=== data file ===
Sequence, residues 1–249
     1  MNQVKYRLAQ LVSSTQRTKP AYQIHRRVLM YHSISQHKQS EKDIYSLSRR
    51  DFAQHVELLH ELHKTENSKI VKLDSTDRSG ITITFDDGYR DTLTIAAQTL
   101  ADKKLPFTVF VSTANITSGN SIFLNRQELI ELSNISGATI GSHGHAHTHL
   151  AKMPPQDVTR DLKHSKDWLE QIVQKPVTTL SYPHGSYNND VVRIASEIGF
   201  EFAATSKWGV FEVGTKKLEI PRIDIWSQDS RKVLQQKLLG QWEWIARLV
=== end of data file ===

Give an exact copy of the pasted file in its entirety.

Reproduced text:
Sequence, residues 1–249
     1  MNQVKYRLAQ LVSSTQRTKP AYQIHRRVLM YHSISQHKQS EKDIYSLSRR
    51  DFAQHVELLH ELHKTENSKI VKLDSTDRSG ITITFDDGYR DTLTIAAQTL
   101  ADKKLPFTVF VSTANITSGN SIFLNRQELI ELSNISGATI GSHGHAHTHL
   151  AKMPPQDVTR DLKHSKDWLE QIVQKPVTTL SYPHGSYNND VVRIASEIGF
   201  EFAATSKWGV FEVGTKKLEI PRIDIWSQDS RKVLQQKLLG QWEWIARLV